Campion crossed the English Channel as "Mr. Edmunds," a jewel dealer. His mission was nearly a short one: At Dover a search was underway for Gabriel Allen, another English Catholic expatriate who was rumored to be returning to England to visit family. Apparently Allen's description fit Campion also, and he was detained by the mayor of Dover, who planned to send Campion to London. Inexplicably, while waiting for horses for the journey, the mayor changed his mind, and sent "Mr. Edmunds" on his way.
Upon reaching London, Campion composed his "Challenge to the Privy Council," a statement of his mission and an invitation to engage in theological debate. Copies spread quickly, and several replies to the "Challenge" were published by Protestant writers, who attached to it a derogatory title, "Campion's Brag," by which it is best known today. Campion and his companions traveled stealthily through the English countryside in the early summer of 1581, relying on old, landed Catholic families as hosts. They celebrated Mass, heard confession, performed baptisms and marriages, and preached words of encouragement to a people who represented the last generation to confess the faith of a Catholic England.

There were close calls. Many homes had hiding places for priests—some even had secret chapels and confessionals—and the Jesuits had to rely on these more than once. Campion took extraordinary risks, never able to turn down a request to preach or administer the sacraments, and more than once he escaped detection while in a public setting.

His fortune changed while visiting the home of Francis Yate in Lyford Grange, which was west of London. Yate was a Catholic imprisoned for his faith who had repeatedly asked for one of the Jesuit fathers to tend to the spiritual needs of his household. Though it was out of the way and the queen's searchers were reportedly in hot pursuit, Campion was unable to resist the request.

He traveled to Lyford, heard confessions, preached well into the night, and departed without difficulty after celebrating Mass at dawn. Some nuns visiting the home shortly thereafter were upset to hear they had just missed Campion, and so riders were dispatched to persuade him to return, which he did. Word of his return reached George Eliot, born and regarded as Catholic but in fact a turncoat in the pay of the queen; he had a general commission to hunt down and arrest priests. Eliot arrived at Lyford with David Jenkins, another searcher, and attended a Mass. He was greatly outnumbered by the Catholics, and, fearing resistance, made no move to arrest Campion. He departed abruptly to fetch the local magistrate and a small militia and returned to the Yate property during dinner. News of the approaching party reached the house, and Campion and his two priestly companions were safely escaped to a narrow cell prepared especially for that purpose, with food and drink for three days.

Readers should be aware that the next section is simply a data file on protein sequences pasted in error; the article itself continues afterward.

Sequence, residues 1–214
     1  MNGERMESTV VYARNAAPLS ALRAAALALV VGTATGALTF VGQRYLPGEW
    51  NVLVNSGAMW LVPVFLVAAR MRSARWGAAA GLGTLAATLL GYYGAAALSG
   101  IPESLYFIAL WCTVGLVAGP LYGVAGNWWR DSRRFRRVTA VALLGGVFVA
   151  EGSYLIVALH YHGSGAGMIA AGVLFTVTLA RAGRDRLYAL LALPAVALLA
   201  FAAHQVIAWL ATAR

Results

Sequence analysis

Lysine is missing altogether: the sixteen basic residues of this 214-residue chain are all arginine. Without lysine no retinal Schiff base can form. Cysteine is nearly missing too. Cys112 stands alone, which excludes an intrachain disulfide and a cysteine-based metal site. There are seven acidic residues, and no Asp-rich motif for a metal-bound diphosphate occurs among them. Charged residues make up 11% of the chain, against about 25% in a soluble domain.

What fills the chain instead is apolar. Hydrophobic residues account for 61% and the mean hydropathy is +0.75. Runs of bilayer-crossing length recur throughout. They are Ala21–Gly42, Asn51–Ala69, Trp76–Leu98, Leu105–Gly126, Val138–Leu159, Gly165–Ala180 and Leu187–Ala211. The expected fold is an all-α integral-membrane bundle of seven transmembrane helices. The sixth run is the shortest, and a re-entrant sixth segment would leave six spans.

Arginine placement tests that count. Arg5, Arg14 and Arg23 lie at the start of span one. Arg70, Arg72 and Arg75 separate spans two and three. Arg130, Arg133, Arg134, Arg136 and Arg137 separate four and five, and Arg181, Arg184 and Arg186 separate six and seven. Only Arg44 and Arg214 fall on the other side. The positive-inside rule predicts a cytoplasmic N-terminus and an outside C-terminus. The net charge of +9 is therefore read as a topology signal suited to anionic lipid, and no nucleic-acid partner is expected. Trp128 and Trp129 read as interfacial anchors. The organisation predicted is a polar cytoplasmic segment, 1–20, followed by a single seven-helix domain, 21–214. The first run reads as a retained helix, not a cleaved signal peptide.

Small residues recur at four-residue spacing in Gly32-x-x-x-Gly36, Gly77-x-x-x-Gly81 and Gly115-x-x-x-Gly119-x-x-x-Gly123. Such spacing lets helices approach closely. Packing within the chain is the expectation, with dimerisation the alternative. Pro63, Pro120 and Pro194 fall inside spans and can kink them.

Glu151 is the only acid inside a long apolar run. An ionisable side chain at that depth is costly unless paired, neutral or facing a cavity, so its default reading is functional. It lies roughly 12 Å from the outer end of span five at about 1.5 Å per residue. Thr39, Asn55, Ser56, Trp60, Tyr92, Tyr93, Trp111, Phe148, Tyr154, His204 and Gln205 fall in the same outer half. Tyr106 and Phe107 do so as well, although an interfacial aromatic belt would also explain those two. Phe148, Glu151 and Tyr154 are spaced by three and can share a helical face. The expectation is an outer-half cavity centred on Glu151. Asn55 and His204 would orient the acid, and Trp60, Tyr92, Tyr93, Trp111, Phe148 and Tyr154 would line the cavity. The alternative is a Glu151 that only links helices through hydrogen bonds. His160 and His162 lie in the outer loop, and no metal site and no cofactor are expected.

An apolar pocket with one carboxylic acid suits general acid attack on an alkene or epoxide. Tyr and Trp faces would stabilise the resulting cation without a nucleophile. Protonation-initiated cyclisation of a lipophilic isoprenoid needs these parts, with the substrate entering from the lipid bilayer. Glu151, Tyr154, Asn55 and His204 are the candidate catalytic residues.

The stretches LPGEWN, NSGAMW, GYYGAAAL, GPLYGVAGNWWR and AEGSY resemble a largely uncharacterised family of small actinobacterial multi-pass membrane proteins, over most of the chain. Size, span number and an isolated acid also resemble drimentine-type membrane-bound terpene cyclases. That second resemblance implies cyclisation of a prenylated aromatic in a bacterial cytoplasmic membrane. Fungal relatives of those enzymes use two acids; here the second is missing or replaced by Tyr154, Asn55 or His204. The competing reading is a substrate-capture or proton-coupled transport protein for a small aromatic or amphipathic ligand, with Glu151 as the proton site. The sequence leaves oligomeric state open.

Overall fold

Later Eliot and Jenkins both claimed to have discovered the priests, offering the same story: A strip of light breaking through a gap in the wall leading to the hiding place was the giveaway—both men took credit for noticing it, and each reported being the one to break through the wall. No doubt each sought the credit for capturing the infamous Campion, for no priest was more beloved by the Catholics or more despised by the crown.
Campion was taken to the Tower and tortured. Several times he was forced to engage in debates, without benefit of notes or references and still weak and disoriented from his rackings and beatings. He acquitted himself admirably, all things considered: a testament to his unparalled rhetorical skills.

His trial was a farce. Witnesses were bribed, false evidence produced; in truth, the outcome had been determined since his arrival. Campion was eloquent and persuasive to the last, dominating the entire procedure with the force of his logic and his knowledge of the Scripture and law, but in vain. He and his priestly and lay companions were convicted of treason on November 14 and were sentenced to death. His address to the court upon sentencing invoked the Catholic England for which he had fought, the Catholic England which was about to die: "In condemning us, you condemn all your own ancestors—all the ancient priests, bishops and kings—all that was once the glory of England."